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Could a harmless cuppa be bad for business?

Although many of us try to catch up on work while on public transport, nearly seven in ten respondents pinpointed trains as the number one danger zone for exposing sensitive information. Caf&eacutes (cited by 56%) and hotel bars and lounges (55%) were also identified as high-risk hot spots, followed by aeroplanes (30%) and campus style work canteens (27%).

When asked exactly how confidential information was likely to be exposed, three quarters of respondents reported that people overhearing mobile phone conversations was the most likely scenario. Confidential printed documents in peoples’ hands or laps, as well as open laptops were also identified as easy targets for snoopers by over half of respondents. Only one fifth felt that their smartphone posed a risk.

Commenting on the findings, Steve Purdy, UK Managing Director at Regus says:  “Privacy remains a huge concern for workers on their daily commute, catching up on emails on the train for instance, and also for the thousands of mobile workers who call into caf&eacutes during their working day. Increasingly, they are seeking professional alternatives, using the new generation of drop-in workspaces at transport and retail hubs which offer a more secure environment, not to mention more productive.”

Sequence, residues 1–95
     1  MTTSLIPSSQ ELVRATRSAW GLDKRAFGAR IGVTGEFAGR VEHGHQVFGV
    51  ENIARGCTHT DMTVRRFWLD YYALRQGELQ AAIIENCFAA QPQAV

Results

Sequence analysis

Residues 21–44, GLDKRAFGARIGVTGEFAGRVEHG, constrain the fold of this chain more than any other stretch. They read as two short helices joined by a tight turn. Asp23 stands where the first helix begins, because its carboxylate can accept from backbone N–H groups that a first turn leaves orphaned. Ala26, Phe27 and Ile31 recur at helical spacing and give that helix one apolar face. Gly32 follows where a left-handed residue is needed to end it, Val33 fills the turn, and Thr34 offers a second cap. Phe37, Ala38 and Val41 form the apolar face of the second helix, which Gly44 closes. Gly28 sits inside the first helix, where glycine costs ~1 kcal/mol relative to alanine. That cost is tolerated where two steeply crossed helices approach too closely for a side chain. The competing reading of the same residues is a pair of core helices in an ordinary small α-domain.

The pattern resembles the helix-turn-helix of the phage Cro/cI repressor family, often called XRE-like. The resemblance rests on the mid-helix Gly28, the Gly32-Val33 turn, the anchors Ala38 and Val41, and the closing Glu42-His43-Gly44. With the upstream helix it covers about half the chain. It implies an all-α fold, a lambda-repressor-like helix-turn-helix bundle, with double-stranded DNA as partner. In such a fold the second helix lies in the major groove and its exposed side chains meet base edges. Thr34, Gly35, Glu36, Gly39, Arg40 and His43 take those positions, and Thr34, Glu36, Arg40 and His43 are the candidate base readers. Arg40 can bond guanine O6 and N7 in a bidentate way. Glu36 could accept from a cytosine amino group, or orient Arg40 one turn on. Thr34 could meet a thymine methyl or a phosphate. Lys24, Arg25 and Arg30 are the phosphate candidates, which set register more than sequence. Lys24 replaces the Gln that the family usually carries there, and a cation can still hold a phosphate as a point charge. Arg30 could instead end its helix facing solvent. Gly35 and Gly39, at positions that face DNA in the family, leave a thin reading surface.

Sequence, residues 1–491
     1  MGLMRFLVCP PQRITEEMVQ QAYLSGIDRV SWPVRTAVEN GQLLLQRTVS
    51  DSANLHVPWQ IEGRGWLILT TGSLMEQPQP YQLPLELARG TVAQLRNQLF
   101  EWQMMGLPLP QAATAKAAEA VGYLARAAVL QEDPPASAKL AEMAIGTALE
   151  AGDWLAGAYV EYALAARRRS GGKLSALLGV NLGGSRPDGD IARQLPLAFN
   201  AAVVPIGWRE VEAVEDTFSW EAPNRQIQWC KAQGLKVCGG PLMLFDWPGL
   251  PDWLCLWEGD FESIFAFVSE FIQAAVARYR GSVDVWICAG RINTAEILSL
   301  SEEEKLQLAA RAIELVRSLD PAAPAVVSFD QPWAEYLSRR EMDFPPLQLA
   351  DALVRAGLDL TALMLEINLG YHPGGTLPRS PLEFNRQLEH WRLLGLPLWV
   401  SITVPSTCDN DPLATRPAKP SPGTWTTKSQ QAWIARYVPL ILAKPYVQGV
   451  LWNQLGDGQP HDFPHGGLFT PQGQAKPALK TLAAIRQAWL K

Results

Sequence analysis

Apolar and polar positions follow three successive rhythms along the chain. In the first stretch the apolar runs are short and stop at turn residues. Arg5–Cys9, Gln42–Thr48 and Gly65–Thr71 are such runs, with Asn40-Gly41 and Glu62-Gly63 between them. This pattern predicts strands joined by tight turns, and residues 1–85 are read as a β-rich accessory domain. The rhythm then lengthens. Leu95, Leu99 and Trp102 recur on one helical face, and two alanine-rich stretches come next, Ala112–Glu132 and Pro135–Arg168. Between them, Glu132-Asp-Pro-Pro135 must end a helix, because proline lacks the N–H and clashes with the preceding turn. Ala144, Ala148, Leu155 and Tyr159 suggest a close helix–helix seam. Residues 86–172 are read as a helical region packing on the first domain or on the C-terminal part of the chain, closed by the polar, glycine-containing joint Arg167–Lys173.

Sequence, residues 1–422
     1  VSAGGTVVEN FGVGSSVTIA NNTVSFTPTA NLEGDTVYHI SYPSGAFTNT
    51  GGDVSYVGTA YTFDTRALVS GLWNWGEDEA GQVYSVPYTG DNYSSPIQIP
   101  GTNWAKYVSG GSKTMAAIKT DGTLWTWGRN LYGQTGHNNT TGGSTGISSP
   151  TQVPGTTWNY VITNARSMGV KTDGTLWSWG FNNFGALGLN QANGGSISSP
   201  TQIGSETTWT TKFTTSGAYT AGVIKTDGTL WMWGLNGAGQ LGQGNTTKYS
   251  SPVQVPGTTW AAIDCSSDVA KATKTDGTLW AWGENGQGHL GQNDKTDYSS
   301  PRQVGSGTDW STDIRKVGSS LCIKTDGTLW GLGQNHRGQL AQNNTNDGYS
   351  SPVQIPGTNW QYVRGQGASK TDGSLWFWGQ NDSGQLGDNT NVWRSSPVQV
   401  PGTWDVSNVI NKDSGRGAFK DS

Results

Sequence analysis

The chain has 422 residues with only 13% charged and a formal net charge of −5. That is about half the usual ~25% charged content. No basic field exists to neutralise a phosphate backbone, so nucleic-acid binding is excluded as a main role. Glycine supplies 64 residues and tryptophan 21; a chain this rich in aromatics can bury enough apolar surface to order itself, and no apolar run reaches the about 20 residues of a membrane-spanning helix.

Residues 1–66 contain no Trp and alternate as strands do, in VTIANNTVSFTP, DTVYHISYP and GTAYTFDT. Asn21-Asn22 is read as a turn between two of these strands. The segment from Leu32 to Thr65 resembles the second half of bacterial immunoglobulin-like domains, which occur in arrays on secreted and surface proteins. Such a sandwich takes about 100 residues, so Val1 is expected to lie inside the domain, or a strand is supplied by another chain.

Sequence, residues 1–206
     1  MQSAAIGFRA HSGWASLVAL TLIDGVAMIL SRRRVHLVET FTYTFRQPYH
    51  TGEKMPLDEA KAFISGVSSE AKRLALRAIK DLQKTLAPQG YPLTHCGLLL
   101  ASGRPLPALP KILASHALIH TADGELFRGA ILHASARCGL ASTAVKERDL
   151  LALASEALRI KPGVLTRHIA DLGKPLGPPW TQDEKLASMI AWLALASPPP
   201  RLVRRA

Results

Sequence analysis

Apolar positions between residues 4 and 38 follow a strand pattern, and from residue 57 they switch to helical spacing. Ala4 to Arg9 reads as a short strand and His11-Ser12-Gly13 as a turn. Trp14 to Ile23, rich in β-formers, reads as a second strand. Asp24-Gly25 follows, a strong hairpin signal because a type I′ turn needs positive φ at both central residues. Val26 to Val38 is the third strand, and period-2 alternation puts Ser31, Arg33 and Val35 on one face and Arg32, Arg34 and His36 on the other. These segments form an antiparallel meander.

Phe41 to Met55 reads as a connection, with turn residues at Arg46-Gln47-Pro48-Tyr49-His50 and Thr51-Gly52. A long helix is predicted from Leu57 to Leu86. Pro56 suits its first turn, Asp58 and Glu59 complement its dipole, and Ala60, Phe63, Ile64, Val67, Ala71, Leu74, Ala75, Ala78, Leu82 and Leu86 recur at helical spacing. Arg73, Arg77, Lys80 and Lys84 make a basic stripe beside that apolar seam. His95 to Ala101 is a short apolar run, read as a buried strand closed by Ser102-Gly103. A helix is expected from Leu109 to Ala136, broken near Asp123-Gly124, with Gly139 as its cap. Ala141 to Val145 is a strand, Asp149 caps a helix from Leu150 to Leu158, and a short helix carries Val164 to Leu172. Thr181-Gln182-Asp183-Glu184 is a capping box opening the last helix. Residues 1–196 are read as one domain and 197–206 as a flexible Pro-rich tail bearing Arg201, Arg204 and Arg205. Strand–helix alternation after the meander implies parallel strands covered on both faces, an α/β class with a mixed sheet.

Maidstone resident Chris Awcock, Key Account Manager for a large global corporation, uses Regus Express business lounges on the motorway as convenient places to stop and work between meetings. 

He comments, “When I’m on the road, I often have time before or after a meeting to touch down somewhere and fit in some work.  I used to do this mainly in coffee shops and not only was it awkward and inappropriate to hold sensitive conversations, it was often noisy and unproductive.” 


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